The image paired with this narrative is in the art section.
Most people who work closely with animals, such as animal trainers, take it as a matter of fact that animals have emotions. Accounts by those who work with elephants, for example, make it clear that training an animal will meet with little success if the trainer has no insight into the animal’s feelings. I contribute to an elephant sanctuary in Tennessee that rescues elephants from the cruel conditions of abuse, especially as victims of neglect and injury when confined to work in circuses. The stories iof these wounded and sensitive animals are profoundly touching. After 26 years of torment as a circus animal, Jenny who had many leg and foot injuries was rescued by this sanctuary. She did not know that her mother Shirley or aunt had been rescued years before her. When Jenny met Shirley, her mother, they recognized each other instantly and locked trunks for a long time to show the deep bonds that were formed as a young elephant. Jenny’s cruel years at the circus and the strong bonds of family were as strong as the day Shirley helplessly saw her daughter chained and taken away from her mother. Elephants are a very sensitive animals and their long term memories are astounding. They grieve and mourn the loss of their family much in the way we would if a family member was abducted against their will. Most scientists working with animals in the wild make infereces based on empathy to make sense of their behavior, such as, “If I had just lost my closest companion, I, too would not feel like eating for some time.” Thinking about feelings has proven to be a valuable way of thinking about behavior. Viewing elephants in their natural habitat is an extraordinary experience. I took several pictures of herds during a trip to Africa, one that shows a mother and four generations of her family. This bark photograph like my other abstracts can be interpreted in many ways. It has great color and texture so there are many images within the larger image. Using the larger format to view this photograph will give you the opportunity to project what you see. Although, I perceive many images, I saw the trunks of elephants immediately. This was a synchonistic event since at the time, I was scanning my photos of elephants in the wild and had just read the articles that the elephant sanctuary had sent me. The stories are so touching and painful that often they were difficult to read. The torment and punitive actions by trainers, those who kill for their ivory and skins and the lack of understanding of their emotional lives is tragic. Jeffrey Moussaieff Masson was a controversial Psychiatrist before he devoted himself to writing scholarly and compelling book about animals. His books which include When Elephants Weep: The Emotional Lives of Animals, Dogs Never Lie About Love: Reflections on the Emotional World of Dogs and The Pig Who Sang to the Moon offer amazing insights into the emotional life of animals. In hia profoundly important and groundbreaking book about farm animals, Jeffrey Massson reveals startling evidence that farm animals have feelings, even consciousness-and bears witness to the emotions and intelligence off these remarkable barnyard creatures, each unique with distinct qualities. Weaving history, literature, anecdotes, scientific studies and his own vivid experience, Dr. Masson observed these gentle beasts and shatters the abhorrent myth of the “dumb animal without feelings.” He writes about the cow whose calves are removed at birth, and who is then milked intentionally for a few years. As the author points out, “she is kept almost permanently pregnant to keep her milk flowing-while not allowed to keep her calf. Finally, old before her time, her usefulness for giving milk in decline, that same cow is killed, long before her natural life span has been reached.” To the extent that we prevent an animal from living the way he or she evolved to live by viewing animals as commodities exploited for their flesh, their hide, or any other body product is a tragic situation. As for pigs, there are 268,498 killed every twenty-four hours in the US alone. Jeffrey’s books are controversial, especially to those who are indifferent and ignore that animals have feelings. He boldly presents his point of view despite those who think he is “ridiculous.” He states, "Why is it generally considered ridiculous to point out that each and every one of those animals killed had a mother, almost all had siblings, and surely some were mourned by a parent or missed by a friend? Even though they were bread to be killed, their emotional capacities were not altered by such breeding. They had memories, they suffered and they grieved. I believe that everyone has a choice to be a vegetarian or to consume the meat of animals. The choice to not eat meat is a gut feeling a a committed transition that can only take place after the individual has the facts, lives with animals and believes he is making an ethical decision. I stopped eating meat about 25 years ago when I took my family to a restaurant known for its baby back ribs. All of a sudden, I looked at the plate piled high with ribs and began to cry. Although I intellectually never wanted to eat animals, that was not enough to stop me. At the restaurant that night, my emotional reaction was intense and subsequently I could never eat meat again. As a child, Charlotte’s Web was stained with tears. I could not understand how anyone could kill a darling pig because he was the runt of the litter. My sensitivity to animals began in childhood and continues to today. The choice I made was appropriate to my sensibilities. However, I do believe that it is important to give this issue thought as I did many times before reaching a point that I could no longer eat animals. and not be blind to the pain and suffering of these captive animals. Masson asks “it we don’t think about this issue, are we not morally blind, ethically impoverished and humanly remiss”? I will post some photos of elephants in Africa to continue this narrative. I want you to know about the work of an autistic adult who thinks in pictures and has written an extraordinary book, Thinking in Pictures: My Life with Autism and Animals in Translation. Temple Grandin Ph.D. is a gifted animal scientist who has designed one third of all the livestock handling facilities. She tells us how she managed to bridge the gap between her condition and our own. Elizabeth Marshall Thomas who wrote the brilliant book The Hidden Life of Dogs states, “I hardly know what to say about this remarkable book…It provides a way to understand the many kinds of sentience, human and animal, that adorn the earth.”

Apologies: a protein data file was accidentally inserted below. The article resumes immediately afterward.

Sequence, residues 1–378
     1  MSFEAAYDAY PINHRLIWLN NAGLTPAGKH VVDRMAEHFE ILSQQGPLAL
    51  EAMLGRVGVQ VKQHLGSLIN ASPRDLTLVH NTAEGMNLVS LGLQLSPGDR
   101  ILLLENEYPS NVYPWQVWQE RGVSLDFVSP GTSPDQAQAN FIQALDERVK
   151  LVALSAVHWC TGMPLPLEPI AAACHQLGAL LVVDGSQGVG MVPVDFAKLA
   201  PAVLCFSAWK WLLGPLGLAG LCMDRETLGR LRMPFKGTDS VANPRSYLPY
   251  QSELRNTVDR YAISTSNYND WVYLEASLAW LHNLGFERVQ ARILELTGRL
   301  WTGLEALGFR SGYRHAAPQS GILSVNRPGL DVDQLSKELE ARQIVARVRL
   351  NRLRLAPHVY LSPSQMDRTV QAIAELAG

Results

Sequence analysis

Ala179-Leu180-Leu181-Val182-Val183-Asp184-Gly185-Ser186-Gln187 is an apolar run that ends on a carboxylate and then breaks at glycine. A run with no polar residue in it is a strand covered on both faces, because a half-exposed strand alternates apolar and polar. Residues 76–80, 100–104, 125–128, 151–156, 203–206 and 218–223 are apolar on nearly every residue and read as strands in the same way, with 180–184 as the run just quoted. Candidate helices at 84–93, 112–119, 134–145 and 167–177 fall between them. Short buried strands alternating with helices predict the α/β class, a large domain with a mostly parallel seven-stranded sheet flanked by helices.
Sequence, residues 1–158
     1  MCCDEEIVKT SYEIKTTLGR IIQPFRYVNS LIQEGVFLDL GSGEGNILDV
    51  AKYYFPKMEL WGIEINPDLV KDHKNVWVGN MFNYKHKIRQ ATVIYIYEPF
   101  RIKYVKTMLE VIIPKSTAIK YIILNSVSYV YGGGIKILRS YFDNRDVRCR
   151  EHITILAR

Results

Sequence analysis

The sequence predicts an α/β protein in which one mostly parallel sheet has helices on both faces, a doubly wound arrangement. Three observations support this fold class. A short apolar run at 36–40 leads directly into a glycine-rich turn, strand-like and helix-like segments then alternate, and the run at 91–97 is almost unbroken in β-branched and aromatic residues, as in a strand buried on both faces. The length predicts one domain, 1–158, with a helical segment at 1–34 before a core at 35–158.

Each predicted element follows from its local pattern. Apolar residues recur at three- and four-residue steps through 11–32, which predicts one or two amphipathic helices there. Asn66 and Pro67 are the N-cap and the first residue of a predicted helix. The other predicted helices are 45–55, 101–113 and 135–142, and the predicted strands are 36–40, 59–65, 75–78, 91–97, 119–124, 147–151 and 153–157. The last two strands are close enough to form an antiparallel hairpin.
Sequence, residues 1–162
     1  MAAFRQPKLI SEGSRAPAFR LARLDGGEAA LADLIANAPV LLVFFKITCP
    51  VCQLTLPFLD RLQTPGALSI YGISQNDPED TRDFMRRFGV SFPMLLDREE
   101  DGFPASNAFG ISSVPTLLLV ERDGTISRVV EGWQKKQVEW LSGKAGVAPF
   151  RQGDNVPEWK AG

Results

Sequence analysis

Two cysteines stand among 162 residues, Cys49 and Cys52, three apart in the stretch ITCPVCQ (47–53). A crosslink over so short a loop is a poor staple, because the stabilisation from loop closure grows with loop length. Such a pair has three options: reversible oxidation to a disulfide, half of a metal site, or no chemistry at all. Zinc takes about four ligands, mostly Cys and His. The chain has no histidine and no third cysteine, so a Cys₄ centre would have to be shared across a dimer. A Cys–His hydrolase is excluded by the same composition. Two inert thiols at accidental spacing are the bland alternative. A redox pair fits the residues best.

Recommended reading
Author: Jeffrey Masson
When Elephants Weep
The Pig Who Sang to The Moon
Author: Elizabeth Marshall Thomas ( my bible for dog training with love)
The Hidden Lives of Dogs
Author: Temple Grandin
My Life With Autism
Animals In Translation
Reflections on the Emotional World of Dogs
Author: EB White
Charlottes’s Web :) :)

Comments

  • Tron
    Tronabout 6 years ago

    Very nice Julie, excellent!

  • hilarydougill
    hilarydougillabout 6 years ago

    Oh I do agree wholeheartedly with your story about the Elephants, they are such wonderful intelligent animals, and so very gentle natured. Very well written and enjoyable. Great imagery, beautiful textures and colours. hugs xxx

  • coppertrees
    coppertreesabout 6 years ago

    Thank you Julie for this sharing

  • blamo
    blamoabout 6 years ago

    Terrific image interesting read

  • shanghaiwu
    shanghaiwuabout 6 years ago

    your folio contains amazing images and associated words/rather brilliant

  • helene ruiz
    helene ruizabout 6 years ago

    wow~ intriguing image